Mangetout makes some good points: To put things bluntly, a virus is a bit of genetic material (DNA or RNA) wrapped in a protein shell. The protein can be relatively complex, but it’s nothing on the order of a living cell. It isn’t alive, which means it cannot metabolize food, react to stimuli, or self-repair. It also lacks a cellular structure and cannot reproduce without a host, but it can hijack a cell to reproduce copies of itself.
So, since it’s so simple, why can’t we develop drugs that simply rip the protien to shreds? Well, something that blunt would probably do a number on the host’s proteins. Reducing your patient to a slurry of simple carbon compounds isn’t a way to get repeat business. Why can’t we develop our own proteins that interfere with the virus’s reproductive mechanisms? Well, I think Interferon does just that. But it’s expensive, not completely effective, and we’re faced with a moving target: Viruses mutate at a rate only matched by similar vermin, such as spammers and computer crackers. To develop a drug that works against this year’s mix of flu viruses will do you next to no good against next year’s, and it will be powerless against the latest superstrain to come out of Asia.
That is why getting a flu shot every year is important: A flu shot isn’t a drug, but a mix of proteins culled from inactive (That which is dead cannot die.) viruses from that year’s mix of strains. Your immune system, effective machine it is (in most people), gets
mug shots' of the proteins (in the form of T-cells) and puts out an APB’ for anything that looks like them (in the form of those T-cells glomming on to them and making them more visible to your white cells, which proceed to eat the whole package).
In this case, close enough can count: If your T-cells get 70% of the viruses in your body, you’ll feel much better for it (maybe you’ll get off with a slight runny nose and some minor fatigue). Which is why flu shots can frequently reduce the intensity and duration of the common cold: Apparently, the mix of flu viruses has something in common with the mix of cold virurses.
A magic bullet would be very nice and would make a lot of people very rich, but I just don’t see it coming out of current methods. The drug would have to be both highly specific and highly nonspecific, to both leave your own cells alone and to get all possible variations on the given virus. And curing one virus would not make it trivial to cure another, but it might be a crucial first dozen steps.
So, why are bacteria a solved problem? Well, they’re not. Certain strains of TB (tuberculosis), for example, have become all but immune to everything we have. Tetracycline, a very expensive and rarely-used drug, is the only weapon we have left against that scourge. Other infections have become superbugs, as they’re called, and are immune to 99% of all traditional antibiotics. So, how do antibiotics work and how do bugs become superbugs?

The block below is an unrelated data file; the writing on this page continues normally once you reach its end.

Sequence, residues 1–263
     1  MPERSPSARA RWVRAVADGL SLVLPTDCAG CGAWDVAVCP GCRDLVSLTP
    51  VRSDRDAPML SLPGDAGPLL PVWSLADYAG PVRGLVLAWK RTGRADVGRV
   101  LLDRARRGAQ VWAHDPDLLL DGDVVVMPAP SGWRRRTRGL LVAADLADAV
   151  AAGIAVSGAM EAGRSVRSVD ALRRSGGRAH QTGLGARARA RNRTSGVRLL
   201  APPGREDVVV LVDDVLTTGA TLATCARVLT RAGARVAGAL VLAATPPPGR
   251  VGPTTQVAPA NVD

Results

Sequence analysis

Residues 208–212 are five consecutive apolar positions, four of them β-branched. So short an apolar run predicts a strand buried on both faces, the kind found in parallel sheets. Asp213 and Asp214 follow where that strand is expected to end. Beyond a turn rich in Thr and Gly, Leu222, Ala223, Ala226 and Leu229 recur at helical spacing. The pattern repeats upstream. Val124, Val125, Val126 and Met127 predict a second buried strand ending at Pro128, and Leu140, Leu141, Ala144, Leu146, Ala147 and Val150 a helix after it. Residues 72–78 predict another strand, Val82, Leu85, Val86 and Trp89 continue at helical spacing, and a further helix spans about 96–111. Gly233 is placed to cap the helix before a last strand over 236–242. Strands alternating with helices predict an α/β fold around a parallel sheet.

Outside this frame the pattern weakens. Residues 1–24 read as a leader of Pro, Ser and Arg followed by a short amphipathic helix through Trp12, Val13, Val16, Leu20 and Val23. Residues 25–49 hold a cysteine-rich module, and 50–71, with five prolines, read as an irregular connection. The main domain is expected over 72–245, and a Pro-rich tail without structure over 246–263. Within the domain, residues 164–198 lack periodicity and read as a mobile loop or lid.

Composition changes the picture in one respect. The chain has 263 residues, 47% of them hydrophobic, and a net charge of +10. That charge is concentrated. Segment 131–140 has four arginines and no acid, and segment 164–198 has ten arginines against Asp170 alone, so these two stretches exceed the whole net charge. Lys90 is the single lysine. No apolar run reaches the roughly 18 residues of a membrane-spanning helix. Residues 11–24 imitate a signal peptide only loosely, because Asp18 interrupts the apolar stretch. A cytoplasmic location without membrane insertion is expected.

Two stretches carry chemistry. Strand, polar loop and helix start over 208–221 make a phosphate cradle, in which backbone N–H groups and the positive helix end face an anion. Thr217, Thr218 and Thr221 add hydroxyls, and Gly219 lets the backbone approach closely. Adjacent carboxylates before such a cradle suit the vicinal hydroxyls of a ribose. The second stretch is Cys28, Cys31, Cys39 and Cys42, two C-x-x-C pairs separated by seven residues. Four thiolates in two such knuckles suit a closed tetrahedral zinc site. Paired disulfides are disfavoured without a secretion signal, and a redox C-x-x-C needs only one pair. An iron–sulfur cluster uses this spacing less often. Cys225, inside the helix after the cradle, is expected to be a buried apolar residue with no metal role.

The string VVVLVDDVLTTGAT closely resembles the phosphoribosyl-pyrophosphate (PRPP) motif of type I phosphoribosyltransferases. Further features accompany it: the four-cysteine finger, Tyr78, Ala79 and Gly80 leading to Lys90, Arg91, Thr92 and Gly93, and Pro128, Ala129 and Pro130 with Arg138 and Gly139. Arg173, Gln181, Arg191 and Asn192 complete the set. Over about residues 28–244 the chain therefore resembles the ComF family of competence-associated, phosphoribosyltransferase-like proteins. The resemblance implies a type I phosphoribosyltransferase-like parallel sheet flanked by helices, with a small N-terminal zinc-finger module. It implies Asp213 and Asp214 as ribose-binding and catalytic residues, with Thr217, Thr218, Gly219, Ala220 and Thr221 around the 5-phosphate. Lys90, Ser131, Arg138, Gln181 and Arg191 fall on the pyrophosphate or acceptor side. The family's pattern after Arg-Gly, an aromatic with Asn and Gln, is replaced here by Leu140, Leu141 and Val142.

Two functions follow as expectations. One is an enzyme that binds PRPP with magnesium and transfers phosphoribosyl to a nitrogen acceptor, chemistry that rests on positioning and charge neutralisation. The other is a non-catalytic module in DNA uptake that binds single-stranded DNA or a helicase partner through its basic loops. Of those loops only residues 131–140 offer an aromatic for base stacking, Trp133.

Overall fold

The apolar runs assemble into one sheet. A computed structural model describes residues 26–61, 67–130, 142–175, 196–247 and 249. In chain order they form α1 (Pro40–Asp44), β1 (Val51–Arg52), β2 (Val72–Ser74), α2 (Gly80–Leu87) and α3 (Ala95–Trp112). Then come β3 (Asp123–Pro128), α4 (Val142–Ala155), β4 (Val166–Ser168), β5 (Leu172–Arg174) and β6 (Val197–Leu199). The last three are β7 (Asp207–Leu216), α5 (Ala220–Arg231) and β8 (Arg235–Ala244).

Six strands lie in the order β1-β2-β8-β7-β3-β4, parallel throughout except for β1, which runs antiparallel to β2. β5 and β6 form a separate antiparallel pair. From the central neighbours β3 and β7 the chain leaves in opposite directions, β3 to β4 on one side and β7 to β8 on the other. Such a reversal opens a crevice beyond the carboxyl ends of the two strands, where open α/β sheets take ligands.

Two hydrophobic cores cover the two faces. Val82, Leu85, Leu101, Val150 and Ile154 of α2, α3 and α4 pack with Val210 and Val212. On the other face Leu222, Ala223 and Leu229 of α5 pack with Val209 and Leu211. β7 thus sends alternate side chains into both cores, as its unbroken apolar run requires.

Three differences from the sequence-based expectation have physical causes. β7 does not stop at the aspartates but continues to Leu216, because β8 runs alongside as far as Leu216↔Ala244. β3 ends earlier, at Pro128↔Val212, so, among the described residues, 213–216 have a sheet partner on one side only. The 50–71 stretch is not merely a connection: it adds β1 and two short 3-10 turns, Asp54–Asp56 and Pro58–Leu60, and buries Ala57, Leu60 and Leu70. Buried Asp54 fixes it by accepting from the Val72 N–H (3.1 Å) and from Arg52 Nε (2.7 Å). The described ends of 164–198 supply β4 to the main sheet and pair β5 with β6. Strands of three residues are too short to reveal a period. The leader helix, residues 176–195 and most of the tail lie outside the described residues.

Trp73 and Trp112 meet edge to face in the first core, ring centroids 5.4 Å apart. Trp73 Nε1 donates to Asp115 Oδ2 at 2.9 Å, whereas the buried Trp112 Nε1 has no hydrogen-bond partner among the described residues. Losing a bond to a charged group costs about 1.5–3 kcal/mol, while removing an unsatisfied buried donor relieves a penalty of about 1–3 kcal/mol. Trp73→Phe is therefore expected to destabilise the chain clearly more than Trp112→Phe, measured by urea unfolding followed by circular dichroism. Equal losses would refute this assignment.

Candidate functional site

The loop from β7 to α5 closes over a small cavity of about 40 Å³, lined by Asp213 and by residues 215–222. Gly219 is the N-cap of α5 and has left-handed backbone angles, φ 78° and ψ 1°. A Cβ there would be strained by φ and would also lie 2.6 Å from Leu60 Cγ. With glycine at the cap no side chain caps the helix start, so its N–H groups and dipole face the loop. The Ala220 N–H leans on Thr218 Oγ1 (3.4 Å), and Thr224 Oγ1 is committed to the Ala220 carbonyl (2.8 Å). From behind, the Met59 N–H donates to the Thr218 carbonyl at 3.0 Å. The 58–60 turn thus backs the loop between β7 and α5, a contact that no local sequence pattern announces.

Antibiotics hijack the cell’s reproductive machinery. They clog up the works so the cell can’t reproduce, and let the cell die on its own. It’s a miracle, in that it doesn’t affect us nearly as much (though stronger antibiotics can cause problems of their own) but ends infections in a rather clean way. Of course, their effectiveness is dependent upon how, exactly, the cells reproduce. Mutation can change that.
Bug and Superbug
To misquote Friedreich Nietzsche, Superbugs have “The Will to Mutate”: They’ve mutated into something most antibiotics aren’t effective against. Their reproductive machinery is so different from the average that the usual mainstays (penicillin, amoxicillin, etc.) won’t work. We need the heavy artillery to kill them, and we hope against hope that those drugs work. I’ve never heard of Tetracycline-resistant TB, but it’s certainly possible.
"Apres moi, le deluge"
–King Louis XIV, noted antibiotic.
So, how do superbugs get created? Misuse of antibiotics. Every time someone takes less than they should, or uses them as a remedy for something that isn’t bacterial, they kill the weak and leave the strong standing. The strong reproduce, and they are that much more resistant to that antibiotic in the future. If a member of a slightly resistant strain gets hit with a different drug that doesn’t wipe out its descendants, those offspring will have resistance to two forms of antibiotics. Don’t rinse, and repeat. Eventually, you end up with people home-growing their own bioweapons. There’s a lesson here: Use antibiotics wisely. Don’t take them as placebos, and don’t take them until you feel better.